Monday, 3 December 2012

Are You Sitting Comfortably?

I must admit I found this interview frustrating. Which is good. 

Although Rod Thorn, Director of Communications at PepsiCo, makes some interesting insights about storytelling in employee engagement – mainly that it’s a good thing – I found the questioner missed the opportunity to find a couple of gems. 

Rod mentions that the “same things that should make [employee engagement] easier can at the same time also make it more difficult.” And I’m sitting here with bated breath, on the edge of my sofa, in suspense, wondering what Rod might think those things are. In a pique of irony, we move on to a different question about turning cultural stories into management techniques.

But then, hang on, the interviewer has actually shown what Rod mentioned earlier. By giving us a snippet of what he was talking about and then changing the subject, the interview has created intrigue. I want to know more. I’m, dare I say it, engaged.

Whether this was intentional or not, who knows? But I now want to read Rod’s further writing on the subject, so it’s done its job.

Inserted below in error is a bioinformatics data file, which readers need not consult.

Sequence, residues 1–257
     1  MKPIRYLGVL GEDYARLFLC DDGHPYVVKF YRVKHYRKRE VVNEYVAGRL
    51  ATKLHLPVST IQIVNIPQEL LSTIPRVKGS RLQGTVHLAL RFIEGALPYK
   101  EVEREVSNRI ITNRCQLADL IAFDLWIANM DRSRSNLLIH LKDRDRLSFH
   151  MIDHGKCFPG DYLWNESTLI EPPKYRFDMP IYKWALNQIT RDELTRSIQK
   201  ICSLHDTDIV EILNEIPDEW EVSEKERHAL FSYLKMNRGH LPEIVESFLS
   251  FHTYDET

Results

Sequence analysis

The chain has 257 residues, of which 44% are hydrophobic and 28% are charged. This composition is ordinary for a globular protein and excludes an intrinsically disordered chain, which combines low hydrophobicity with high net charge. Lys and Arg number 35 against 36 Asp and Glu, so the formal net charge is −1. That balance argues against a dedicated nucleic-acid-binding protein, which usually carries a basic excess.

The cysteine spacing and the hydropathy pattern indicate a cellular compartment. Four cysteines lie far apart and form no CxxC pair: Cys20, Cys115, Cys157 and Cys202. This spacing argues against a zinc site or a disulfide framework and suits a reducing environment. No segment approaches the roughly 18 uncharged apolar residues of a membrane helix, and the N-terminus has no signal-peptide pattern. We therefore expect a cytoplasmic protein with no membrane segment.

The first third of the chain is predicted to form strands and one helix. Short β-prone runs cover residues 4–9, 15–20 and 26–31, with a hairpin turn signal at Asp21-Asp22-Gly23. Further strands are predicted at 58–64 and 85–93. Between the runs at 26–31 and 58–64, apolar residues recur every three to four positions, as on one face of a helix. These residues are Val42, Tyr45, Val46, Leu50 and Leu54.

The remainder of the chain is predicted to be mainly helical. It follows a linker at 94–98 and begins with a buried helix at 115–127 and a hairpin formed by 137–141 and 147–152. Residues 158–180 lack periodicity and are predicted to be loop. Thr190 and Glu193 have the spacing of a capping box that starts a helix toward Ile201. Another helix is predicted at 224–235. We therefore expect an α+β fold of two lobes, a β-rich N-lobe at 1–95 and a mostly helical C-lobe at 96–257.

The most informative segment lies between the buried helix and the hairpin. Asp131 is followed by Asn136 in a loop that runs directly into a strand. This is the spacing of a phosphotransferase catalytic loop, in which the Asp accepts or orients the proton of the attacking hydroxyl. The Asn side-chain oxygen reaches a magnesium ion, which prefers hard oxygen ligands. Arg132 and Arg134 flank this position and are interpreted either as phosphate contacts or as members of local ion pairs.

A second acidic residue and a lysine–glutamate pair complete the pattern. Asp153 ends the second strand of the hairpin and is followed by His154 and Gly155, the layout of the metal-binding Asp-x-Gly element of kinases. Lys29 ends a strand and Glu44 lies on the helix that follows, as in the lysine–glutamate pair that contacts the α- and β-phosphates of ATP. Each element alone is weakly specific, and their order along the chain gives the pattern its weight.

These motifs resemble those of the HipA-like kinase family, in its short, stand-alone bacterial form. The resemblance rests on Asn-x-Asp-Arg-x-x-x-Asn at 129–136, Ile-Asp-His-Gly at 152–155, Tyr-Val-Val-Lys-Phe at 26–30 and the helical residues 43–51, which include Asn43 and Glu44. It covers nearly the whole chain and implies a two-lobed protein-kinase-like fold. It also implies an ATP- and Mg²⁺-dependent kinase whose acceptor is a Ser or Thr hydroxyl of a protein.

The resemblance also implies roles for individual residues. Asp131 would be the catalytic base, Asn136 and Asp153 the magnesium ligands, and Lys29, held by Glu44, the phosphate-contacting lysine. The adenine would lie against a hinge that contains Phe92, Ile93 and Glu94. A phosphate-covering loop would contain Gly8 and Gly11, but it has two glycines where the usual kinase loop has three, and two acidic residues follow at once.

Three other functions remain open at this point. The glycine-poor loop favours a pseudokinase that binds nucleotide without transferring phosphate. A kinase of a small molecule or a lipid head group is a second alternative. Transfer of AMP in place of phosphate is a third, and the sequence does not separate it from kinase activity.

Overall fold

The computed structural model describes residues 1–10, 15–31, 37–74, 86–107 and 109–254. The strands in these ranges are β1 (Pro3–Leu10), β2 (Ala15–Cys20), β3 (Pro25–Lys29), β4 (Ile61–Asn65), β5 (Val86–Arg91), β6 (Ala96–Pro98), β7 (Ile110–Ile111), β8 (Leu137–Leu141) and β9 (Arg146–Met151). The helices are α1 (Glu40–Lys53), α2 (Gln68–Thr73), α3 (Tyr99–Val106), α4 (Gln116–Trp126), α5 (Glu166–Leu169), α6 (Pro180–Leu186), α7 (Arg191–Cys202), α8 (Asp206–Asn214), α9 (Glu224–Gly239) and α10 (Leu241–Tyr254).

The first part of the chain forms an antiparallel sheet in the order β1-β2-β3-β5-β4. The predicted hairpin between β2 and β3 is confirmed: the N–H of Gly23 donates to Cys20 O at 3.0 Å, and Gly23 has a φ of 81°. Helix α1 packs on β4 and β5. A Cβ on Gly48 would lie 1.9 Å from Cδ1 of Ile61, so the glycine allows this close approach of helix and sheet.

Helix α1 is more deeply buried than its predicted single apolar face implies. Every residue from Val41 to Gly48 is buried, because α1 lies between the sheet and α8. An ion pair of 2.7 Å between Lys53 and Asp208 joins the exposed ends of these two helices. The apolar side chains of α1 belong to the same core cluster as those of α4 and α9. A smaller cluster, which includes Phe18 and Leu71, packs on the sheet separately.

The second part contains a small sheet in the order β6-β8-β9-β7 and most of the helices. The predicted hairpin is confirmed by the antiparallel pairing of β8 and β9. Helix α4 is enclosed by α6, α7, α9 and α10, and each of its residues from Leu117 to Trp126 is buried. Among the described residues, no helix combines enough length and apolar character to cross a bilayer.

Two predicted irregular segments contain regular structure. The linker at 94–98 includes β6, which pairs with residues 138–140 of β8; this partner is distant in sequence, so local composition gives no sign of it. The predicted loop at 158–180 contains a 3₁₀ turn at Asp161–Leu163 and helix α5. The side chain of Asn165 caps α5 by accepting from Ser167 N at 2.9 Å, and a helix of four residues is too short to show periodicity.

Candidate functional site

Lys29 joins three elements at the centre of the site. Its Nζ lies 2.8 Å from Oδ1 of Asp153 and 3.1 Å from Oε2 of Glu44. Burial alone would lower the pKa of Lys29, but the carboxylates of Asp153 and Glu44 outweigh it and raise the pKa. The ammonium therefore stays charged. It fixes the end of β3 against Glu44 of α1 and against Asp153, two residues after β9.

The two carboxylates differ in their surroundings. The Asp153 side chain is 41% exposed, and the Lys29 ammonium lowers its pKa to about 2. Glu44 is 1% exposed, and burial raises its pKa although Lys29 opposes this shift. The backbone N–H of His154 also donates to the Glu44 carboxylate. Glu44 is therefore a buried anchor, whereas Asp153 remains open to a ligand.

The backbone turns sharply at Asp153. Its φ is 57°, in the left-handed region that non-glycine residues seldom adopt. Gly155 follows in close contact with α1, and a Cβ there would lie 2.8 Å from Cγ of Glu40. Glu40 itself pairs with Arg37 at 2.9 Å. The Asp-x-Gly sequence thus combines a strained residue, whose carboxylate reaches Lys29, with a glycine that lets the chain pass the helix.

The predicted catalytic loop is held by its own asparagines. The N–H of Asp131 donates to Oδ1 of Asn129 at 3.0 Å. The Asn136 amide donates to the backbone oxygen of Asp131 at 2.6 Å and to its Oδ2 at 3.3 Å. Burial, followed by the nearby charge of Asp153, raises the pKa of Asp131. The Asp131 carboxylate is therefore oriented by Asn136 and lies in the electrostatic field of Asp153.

Rod mentions that great corporate buzzword ‘authentic’ and with good reason. Authentic cultural stories are how we remember that we survived the last recession and thrived in the upturn. They make goals real and attainable by showing that they’ve been achieved before. They make life a little less scary. 

If employees are entertained and find a message relatable, they’re far more likely to remember it – especially if they had a part in creating it through, say, a workshop. If they remember it when the time comes to implement it then it’ll become a habit and then part of their DNA. 

That’s why we start the creative process by working with a group of people from communications, HR, Marketing, and of course – the people who also work on the product or service. And, once we’ve peeled off the layers of the onion and found the nub of the problem, only then do we go off and work our magic on it. It’s a great way of engaging the employees, and, after a little nudging, they often surprise themselves with their ability to solve their own problem.

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